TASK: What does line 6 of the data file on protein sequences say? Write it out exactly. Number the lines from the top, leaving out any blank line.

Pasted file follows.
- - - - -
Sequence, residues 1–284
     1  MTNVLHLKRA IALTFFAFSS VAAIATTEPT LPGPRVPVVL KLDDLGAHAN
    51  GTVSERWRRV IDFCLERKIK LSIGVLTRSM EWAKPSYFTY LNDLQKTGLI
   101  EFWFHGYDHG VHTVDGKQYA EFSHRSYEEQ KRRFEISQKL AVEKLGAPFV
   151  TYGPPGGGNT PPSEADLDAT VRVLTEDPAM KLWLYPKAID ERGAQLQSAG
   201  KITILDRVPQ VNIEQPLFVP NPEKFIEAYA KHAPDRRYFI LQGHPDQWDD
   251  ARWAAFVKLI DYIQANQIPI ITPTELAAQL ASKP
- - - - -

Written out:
   201  KITILDRVPQ VNIEQPLFVP NPEKFIEAYA KHAPDRRYFI LQGHPDQWDD